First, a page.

Historical research has analyzed unequal exchange using two fundamental models: the ‘circulationist’ model, espoused by Wallerstein and Braudel, attributes development and under-development to the transfer of value from peripheral to central areas through unequivalent exchange. The endogenous model, by contrast, denies the influence of commerce in capitalist evolution.footnote1 In the present article, taking a limited region, Castile, I will analyze commerce in feudalism and during the early transition to capitalism, particularly commodity value, and the relation between exchange and socio-economic reproduction. The goal is to redefine the character of asymmetric exchange, if only in a condensed form.footnote2

In the thirteenth century, Castile’s external trade had three main characteristics: 1) the import of manufactured goods, especially Franco-Flemish textiles, for consumption by the nobility; 2) the export of primary products and semi-processed goods such as iron; 3) a trade deficit, due both to over-valuation of the textiles and to the large quantity of them purchased in Castile.footnote3

The first question that arises about the trade deficit has to do with the rationality of the nobles’ behaviour as consumers, since they were constantly losing money. The nature of their consumption is reflected in the extensive legal regulations governing dress, established for each social sector, class, rank and religious minority. These rules, which continued into the modern era, show that dress had the basic social function of making known one’s social rank and evincing one’s power. Beyond their ordinary usefulness, then, these fabrics constituted a language, acquiring a semiotic value as prestige goods with a role in social relations and especially in the symbolism through which the lords demonstrated their power. This explains why luxury fabrics were valued so highly by the ruling class.

The sublime evaluation of fine clothes indicated in historical sources shows that the nobility felt that sumptuous goods were endowed with a special virtue in and of themselves. Thus there arose a fetishism of the use values of those particular commodities, seen to possess a special power in social organization. This fetishism had to do, not only with the lords’ world-view, but also with the fabric of social existence itself. In the fetishism of use values, social relations seemed to derive, essentially, from the use of certain goods, as a quality inherent in their use. Social relations were displayed through the nobles’ clothing. The object, when the artisan finished it, only became a commodity in passing through the market, taking on in the process a different form of social existence.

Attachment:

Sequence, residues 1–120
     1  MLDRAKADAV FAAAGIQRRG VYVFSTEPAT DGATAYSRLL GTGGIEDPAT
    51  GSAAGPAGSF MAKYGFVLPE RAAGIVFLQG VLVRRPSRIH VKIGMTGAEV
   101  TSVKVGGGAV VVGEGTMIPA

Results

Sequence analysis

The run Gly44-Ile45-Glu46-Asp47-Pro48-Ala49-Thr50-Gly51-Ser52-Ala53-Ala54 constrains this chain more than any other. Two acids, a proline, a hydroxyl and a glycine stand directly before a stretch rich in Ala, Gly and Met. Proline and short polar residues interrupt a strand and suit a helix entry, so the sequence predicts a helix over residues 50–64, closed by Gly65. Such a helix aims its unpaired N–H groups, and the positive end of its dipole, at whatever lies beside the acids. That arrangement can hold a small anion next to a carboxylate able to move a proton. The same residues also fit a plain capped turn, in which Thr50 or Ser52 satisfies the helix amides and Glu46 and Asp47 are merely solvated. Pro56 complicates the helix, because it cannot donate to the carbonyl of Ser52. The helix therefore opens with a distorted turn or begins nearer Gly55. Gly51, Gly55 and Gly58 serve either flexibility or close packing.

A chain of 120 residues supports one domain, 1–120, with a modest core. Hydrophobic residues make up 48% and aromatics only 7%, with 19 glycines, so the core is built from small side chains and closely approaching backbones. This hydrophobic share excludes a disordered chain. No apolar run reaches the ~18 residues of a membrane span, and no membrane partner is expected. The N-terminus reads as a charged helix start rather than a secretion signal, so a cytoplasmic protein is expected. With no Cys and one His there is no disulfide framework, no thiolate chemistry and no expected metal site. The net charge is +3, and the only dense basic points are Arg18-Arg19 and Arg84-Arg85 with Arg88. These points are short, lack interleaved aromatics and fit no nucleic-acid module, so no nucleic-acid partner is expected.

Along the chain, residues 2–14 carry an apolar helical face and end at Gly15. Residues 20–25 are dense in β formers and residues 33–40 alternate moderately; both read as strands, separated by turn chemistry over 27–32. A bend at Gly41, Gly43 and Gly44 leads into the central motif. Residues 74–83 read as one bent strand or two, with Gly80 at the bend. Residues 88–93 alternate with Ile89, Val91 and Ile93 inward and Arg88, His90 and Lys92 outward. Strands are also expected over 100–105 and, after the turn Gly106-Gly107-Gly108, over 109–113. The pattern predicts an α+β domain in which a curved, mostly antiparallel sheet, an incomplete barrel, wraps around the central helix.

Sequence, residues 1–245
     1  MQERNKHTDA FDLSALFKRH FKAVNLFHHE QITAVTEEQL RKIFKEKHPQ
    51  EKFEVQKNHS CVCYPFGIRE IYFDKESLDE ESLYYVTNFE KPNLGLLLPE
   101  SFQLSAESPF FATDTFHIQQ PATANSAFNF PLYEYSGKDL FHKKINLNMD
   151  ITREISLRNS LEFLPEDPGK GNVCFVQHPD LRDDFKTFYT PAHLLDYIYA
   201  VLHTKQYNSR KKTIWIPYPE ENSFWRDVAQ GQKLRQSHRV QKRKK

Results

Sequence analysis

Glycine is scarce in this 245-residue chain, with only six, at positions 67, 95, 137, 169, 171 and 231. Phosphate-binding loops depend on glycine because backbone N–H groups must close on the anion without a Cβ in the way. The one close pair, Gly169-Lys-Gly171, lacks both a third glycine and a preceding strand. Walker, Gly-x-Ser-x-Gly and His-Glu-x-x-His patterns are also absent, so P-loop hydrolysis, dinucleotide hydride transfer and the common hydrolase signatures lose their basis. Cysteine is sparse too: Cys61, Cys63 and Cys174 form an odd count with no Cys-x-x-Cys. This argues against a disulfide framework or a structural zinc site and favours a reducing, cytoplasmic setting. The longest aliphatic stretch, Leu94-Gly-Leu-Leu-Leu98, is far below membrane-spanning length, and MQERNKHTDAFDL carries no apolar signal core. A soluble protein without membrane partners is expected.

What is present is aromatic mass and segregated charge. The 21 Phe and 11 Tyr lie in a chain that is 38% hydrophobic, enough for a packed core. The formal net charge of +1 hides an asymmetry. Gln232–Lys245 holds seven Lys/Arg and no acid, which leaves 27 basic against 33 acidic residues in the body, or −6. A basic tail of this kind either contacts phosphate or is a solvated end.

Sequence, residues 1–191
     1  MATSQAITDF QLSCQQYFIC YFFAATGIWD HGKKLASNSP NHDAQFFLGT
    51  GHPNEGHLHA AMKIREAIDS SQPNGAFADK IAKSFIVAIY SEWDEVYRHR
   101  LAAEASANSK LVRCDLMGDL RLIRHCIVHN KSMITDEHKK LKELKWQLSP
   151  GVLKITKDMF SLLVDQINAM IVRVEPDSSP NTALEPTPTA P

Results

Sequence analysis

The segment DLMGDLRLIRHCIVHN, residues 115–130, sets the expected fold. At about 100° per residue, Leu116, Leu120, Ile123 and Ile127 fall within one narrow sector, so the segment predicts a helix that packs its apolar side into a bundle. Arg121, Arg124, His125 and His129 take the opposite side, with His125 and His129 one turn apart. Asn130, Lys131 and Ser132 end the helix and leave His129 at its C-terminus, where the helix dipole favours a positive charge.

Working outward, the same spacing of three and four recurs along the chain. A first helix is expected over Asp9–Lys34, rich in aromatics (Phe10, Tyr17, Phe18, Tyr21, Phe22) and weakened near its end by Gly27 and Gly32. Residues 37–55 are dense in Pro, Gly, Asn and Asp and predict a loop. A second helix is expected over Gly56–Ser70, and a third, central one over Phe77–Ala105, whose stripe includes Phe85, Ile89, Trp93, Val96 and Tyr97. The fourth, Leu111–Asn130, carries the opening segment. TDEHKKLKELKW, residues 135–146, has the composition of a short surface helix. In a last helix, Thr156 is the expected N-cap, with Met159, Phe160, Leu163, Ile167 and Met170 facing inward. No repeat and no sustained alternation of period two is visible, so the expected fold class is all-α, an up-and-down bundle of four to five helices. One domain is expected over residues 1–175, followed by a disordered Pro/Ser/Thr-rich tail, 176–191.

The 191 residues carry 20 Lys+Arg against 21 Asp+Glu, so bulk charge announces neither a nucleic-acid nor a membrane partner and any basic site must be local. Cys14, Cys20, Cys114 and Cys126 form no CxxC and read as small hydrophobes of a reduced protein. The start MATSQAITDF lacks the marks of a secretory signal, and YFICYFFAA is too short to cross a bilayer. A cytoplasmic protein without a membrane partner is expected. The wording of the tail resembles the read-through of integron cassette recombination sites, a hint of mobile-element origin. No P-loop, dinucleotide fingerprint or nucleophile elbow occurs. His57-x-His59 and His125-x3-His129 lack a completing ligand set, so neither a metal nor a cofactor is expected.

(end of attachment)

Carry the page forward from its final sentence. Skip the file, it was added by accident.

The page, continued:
This analysis can be furthered by comparison with the fetishism of exchange value under capitalism, where social relations take on the appearance of relations between things. In the feudal system the opposite is the case. Social relations take the form of hierarchical interpersonal ties: things are both their transparent reflection and their source. The social relation is not reduced to ‘things’, but expressed by them. In feudalism, the display of luxury goods evinced the person’s political position: the ostentatious possession of such goods made the relation of domination appear to be mediated by them, so that fetishism grew up around their use. From this active image of sumptuous goods came the perception that they really determined the social situation. For the feudal consumer the price of these luxury goods was secondary: their fundamental social value did not lie in their price but in the hierarchical social relations generated by them. Thus, primary surplus goods—which lacked any such idealized image—were exchanged unequally for luxury goods possessing virtues deemed well worth the surcharge.